2. The smart meter device of claim 1, wherein the processor is configured with processor-executable instructions to perform operations such that determining the predicted reliability of electrical power comprises:
detecting a restoration of electrical power following a power outage; and
determining the predicted reliability of electrical power in response to detecting restoration electrical power following a power outage.
3. The smart meter device of claim 2, wherein the processor is configured with processor-executable instructions to perform operations such that determining the predicted reliability of the electrical power comprises determining whether a fluctuation of the electrical power over time meets a fluctuation threshold.
4. The smart meter device of claim 1, wherein the processor is configured with processor-executable instructions to perform operations such that determining the predicted reliability of the electrical power comprises monitoring the electrical power to detect a change in voltage or frequency of the electrical power, wherein determining the predicted reliability of the electrical power comprises determining the predicted reliability of the electrical power based upon detected changes in voltage or frequency of the electrical power.
5. The smart meter device of claim 1, wherein the processor is configured with processor-executable instructions to perform operations further comprising:
determining a priority order for restoring power to two or more IoT devices,
wherein the priority order is based on one or more of a power rating of each IoT device and a duration of the power outage.
6. The smart meter device of claim 1, wherein the processor is configured with processor-executable instructions to perform operations such that determining the predicted reliability of the electrical power comprises determining that a future power failure may occur.
7. The smart meter device of claim 1, wherein the processor is configured with processor-executable instructions to perform operations such that determining the predicted reliability of the electrical power comprises determining that a restored power after a power outage is unstable.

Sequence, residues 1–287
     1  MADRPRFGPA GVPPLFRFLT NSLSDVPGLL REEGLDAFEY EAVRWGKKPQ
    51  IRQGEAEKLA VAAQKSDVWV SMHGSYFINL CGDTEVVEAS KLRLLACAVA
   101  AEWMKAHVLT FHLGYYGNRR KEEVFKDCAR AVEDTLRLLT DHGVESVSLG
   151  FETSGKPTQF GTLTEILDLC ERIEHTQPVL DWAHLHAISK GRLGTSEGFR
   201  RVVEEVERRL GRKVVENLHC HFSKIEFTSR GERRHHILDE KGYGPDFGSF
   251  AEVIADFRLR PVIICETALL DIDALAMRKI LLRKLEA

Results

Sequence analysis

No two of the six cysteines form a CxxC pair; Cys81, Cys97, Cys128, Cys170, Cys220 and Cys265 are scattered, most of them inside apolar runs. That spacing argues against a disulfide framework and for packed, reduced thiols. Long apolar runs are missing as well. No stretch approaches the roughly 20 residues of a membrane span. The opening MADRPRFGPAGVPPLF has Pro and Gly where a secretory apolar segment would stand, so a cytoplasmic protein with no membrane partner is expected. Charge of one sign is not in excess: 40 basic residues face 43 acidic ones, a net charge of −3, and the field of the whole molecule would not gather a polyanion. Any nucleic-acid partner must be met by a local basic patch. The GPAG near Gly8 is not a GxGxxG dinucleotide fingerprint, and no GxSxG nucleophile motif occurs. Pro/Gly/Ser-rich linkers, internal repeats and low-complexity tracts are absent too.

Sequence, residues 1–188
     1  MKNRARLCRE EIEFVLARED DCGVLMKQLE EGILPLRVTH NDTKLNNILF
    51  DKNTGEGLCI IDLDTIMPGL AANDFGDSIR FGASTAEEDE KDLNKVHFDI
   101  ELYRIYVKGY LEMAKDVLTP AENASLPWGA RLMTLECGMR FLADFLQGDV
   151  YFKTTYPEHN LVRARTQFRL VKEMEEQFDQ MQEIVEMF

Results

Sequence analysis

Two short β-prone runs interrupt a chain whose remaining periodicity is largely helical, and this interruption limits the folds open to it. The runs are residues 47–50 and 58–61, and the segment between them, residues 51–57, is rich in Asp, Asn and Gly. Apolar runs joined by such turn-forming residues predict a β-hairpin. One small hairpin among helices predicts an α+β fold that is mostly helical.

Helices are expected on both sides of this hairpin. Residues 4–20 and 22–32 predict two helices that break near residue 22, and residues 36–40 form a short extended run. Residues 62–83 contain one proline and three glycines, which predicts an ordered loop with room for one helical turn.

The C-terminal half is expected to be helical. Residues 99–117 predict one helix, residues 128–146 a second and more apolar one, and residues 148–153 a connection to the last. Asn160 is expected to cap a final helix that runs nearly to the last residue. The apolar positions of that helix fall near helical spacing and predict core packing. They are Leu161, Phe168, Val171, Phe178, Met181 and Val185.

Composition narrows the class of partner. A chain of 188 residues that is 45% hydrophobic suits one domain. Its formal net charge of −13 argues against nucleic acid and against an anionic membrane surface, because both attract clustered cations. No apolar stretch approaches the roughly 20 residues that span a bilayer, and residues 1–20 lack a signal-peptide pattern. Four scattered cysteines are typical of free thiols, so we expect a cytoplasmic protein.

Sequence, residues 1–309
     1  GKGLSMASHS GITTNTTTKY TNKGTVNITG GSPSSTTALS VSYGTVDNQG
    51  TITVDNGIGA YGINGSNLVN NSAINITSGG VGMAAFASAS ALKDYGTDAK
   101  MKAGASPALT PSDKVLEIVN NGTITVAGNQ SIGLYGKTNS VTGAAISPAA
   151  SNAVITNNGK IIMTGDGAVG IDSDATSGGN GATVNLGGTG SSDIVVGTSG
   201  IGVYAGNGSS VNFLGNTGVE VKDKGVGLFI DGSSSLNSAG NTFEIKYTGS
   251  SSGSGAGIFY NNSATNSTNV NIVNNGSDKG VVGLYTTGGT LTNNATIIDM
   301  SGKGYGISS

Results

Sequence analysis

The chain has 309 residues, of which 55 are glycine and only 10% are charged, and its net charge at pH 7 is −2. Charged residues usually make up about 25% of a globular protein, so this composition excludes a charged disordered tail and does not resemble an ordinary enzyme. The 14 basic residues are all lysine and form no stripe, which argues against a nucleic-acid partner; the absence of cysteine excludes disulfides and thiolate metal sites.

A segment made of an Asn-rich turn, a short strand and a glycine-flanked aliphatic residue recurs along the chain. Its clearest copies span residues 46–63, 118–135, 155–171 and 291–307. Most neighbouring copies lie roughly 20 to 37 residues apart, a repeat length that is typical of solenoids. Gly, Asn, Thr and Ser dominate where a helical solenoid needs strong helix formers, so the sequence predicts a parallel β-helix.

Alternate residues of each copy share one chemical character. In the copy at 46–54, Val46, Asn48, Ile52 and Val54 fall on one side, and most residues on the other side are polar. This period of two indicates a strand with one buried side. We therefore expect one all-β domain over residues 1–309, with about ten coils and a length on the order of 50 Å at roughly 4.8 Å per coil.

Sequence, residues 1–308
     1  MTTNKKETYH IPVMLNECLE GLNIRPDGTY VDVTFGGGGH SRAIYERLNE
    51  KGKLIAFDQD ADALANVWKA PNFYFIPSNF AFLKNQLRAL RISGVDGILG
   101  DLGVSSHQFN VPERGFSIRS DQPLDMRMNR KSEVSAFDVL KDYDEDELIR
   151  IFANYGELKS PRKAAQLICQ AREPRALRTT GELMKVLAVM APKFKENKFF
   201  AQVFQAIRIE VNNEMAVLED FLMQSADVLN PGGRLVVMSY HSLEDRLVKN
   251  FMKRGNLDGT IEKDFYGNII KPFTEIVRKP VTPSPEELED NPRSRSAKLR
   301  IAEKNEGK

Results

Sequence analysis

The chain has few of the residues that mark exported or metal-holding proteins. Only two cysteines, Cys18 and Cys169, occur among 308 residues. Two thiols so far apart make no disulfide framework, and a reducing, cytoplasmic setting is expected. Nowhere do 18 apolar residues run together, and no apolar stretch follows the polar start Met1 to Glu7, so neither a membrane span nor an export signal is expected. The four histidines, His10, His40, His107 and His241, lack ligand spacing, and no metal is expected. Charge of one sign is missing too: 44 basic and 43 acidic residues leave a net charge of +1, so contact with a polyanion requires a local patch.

8. The smart meter device of claim 1, wherein the processor is configured with processor-executable instructions to perform operations such that determining the predicted reliability of the electrical power is based on information related to a previous power outage.
9. The smart meter device of claim 1, wherein the processor is configured with processor-executable instructions to perform operations such that determining the reliability of the electrical power comprises:
analyzing fluctuations in the electrical power observed over time; and
determining the predicted reliability of the electrical power based on the analysis of fluctuations in the electrical power observed over time.
10. The smart meter device of claim 9, wherein the processor is configured with processor-executable instructions to perform operations such that:
analyzing fluctuations in the electrical power observed over time comprises determining one or more threshold values; and
determining the predicted reliability of the electrical power based on the analysis of fluctuations in the electrical power observed over time comprises comparing the determined one or more threshold values against fluctuation in one or more observed electrical power parameters.
11. A method of managing Internet of Things (IoT) devices, comprising:
determining, by a smart meter device, a predicted reliability of electrical power; and
sending an indication of the predicted reliability of the electrical power to an IoT device to enable the IoT device to perform an action based on the predicted reliability of the electrical power.
12. The method of claim 11, wherein determining, by the smart meter device, the predicted reliability of electrical power comprises:
detecting, by the smart meter device, a restoration of electrical power following a power outage; and
determining, by the smart meter device, the predicted reliability of electrical power in response to detecting restoration electrical power following a power outage.
13. The method of claim 12, further comprising:
determining, by the smart meter device, a priority order for restoring power to two or more IoT devices,
wherein the priority order is based on one or more of a power rating of each IoT device and a duration of the power outage.
14. The method of claim 11, wherein determining the predicted reliability of the electrical power comprises monitoring the electrical power, by the smart meter device, to detect a change in voltage or frequency of the electrical power,
wherein determining the predicted reliability of the electrical power comprises determining the predicted reliability of the electrical power based upon detected changes in voltage or frequency of the electrical power.
15. The method of claim 11, wherein determining the predicted reliability of the electrical power comprises determining whether a fluctuation of the electrical power over time meets a fluctuation threshold.
16. The method of claim 11, wherein determining the predicted reliability of the electrical power comprises determining that a future power failure may occur.